Parents often tell me about how their child with autism does not use pronouns correctly. Individuals with autism may sometimes make pronoun reversals, where they refer to themselves as “you” rather than “I” for example. This phenomenon may be linked to the fact that some individuals with autism exhibit echolalia (Schuler & Prizant 1985), where they automatically repeat vocalizations that others make.
In order to teach a child to use pronouns correctly, it is best to start with manding (requesting). When prompting a response, it is essential that you prompt from the perspective of the child. For example, a child might say, “Can you go to the park?”, when you are sure that they are manding to go to the park themselves.
In this case, it would not be helpful to ask, “Do you mean, you want to go to the park?” , as using the “you” pronoun may confuse them more. Instead, you would prompt the correct response, “Can I go to the park?”.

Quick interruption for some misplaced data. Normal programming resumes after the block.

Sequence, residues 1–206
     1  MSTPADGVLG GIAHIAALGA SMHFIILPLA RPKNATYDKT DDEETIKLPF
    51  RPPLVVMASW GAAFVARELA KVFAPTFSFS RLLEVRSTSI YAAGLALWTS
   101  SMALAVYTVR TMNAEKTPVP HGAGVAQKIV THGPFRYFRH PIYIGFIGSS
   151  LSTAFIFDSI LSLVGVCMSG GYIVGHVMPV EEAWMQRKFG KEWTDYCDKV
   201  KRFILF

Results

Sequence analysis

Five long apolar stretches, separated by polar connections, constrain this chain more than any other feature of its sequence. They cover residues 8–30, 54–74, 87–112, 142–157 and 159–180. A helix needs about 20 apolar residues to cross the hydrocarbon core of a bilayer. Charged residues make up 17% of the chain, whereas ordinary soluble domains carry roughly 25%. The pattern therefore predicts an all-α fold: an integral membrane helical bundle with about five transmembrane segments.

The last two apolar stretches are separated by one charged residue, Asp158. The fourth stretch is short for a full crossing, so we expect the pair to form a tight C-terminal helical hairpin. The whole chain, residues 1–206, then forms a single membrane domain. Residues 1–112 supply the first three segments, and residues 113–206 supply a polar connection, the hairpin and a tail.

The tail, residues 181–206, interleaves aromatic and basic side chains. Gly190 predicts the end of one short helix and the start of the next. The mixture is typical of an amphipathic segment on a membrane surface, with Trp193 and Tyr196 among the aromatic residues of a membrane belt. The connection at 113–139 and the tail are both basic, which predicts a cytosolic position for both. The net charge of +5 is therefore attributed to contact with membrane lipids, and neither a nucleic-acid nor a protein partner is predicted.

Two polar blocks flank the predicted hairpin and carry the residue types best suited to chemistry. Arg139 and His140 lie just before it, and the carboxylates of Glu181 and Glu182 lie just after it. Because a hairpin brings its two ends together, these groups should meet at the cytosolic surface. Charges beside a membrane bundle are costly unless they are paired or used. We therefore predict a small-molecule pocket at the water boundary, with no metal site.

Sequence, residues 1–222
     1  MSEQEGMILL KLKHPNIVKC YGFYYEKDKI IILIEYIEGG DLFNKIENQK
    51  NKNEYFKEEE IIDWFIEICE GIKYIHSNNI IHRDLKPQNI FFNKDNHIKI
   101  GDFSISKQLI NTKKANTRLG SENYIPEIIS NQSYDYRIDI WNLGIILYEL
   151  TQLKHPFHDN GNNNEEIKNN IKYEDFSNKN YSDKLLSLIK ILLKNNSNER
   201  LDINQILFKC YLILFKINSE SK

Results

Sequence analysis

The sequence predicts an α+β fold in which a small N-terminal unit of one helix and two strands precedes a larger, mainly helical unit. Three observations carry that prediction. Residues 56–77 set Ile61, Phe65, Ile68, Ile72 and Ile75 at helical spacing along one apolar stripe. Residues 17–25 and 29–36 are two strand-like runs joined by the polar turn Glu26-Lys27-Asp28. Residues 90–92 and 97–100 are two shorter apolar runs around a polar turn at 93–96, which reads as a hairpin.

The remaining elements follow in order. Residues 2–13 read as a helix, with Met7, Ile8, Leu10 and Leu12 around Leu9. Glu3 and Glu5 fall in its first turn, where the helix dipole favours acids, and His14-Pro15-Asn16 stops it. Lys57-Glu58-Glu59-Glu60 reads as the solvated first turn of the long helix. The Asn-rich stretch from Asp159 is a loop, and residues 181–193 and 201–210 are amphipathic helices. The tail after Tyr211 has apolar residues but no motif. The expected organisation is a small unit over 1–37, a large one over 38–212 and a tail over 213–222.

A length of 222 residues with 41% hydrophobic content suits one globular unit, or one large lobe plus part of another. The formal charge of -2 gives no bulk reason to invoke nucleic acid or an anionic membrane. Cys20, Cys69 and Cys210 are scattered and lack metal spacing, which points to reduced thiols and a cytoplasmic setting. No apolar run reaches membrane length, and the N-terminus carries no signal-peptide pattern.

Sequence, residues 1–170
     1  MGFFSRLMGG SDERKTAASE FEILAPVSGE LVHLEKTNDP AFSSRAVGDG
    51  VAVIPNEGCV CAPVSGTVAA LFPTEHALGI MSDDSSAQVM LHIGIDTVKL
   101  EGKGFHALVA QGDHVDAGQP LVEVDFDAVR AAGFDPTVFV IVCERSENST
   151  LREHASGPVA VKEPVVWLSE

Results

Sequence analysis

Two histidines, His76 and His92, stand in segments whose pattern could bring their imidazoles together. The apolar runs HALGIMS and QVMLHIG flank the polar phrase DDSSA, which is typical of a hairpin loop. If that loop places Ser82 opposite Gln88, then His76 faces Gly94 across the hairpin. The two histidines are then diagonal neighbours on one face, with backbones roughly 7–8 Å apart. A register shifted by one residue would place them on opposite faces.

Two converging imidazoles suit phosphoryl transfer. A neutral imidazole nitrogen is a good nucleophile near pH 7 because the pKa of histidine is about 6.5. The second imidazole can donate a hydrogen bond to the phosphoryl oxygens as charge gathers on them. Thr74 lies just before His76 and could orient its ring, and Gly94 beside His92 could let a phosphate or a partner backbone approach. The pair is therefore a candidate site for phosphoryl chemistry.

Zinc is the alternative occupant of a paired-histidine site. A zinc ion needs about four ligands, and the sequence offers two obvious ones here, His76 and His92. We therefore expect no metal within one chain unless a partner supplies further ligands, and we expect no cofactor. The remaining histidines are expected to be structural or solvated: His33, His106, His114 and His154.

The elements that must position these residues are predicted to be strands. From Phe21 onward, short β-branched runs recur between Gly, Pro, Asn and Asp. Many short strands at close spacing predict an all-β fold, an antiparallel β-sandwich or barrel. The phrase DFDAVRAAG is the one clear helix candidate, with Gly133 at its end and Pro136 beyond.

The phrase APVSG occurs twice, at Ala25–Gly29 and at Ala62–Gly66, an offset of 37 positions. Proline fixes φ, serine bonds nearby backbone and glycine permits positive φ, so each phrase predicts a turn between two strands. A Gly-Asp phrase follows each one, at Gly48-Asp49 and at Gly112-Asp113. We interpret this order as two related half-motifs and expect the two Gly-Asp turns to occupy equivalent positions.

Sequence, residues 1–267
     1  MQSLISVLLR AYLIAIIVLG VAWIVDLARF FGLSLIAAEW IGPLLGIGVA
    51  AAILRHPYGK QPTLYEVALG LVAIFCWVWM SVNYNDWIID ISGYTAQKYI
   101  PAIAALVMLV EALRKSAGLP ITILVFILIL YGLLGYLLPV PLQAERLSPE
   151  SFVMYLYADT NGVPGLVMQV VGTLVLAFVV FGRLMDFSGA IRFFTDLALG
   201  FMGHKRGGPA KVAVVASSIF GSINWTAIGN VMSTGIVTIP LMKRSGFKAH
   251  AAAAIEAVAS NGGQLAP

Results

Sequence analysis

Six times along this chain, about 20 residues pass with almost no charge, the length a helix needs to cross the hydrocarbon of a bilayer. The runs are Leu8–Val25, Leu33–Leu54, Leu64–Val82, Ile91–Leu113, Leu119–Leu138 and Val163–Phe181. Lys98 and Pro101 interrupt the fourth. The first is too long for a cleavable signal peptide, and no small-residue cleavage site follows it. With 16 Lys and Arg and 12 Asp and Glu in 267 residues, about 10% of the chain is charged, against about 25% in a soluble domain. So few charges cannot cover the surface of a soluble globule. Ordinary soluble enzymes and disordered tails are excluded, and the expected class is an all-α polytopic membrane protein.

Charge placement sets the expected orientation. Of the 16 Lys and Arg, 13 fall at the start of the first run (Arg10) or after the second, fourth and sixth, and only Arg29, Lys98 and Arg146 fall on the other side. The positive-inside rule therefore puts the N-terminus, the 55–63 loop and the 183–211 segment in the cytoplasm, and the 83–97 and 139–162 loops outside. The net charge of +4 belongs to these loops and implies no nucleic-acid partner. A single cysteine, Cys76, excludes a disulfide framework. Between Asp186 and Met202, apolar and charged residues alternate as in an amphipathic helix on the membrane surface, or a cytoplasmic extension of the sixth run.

Depending on the child, you may want to focus on just one set of pronouns at a time, rather than working on all of them at once. Focusing on just one set of pronouns will also make data tracking easier and likely more accurate, as the therapist/parent will only need to focus on tracking one thing.
One last thing to remember is to ensure that the child has many opportunities to practice using the pronoun as a mand, in a variety of settings, with different people, and with different items and activities. The more opportunities to practice, the sooner they will get it.
SCHULER, A. L. & PRIZANT, B. (1985) ‘Echolalia’, in E . SCHOPLER & G. B. MESIBOV
(eds) Communication Problems in Autism, pp. 163–84. New York: Pergamon.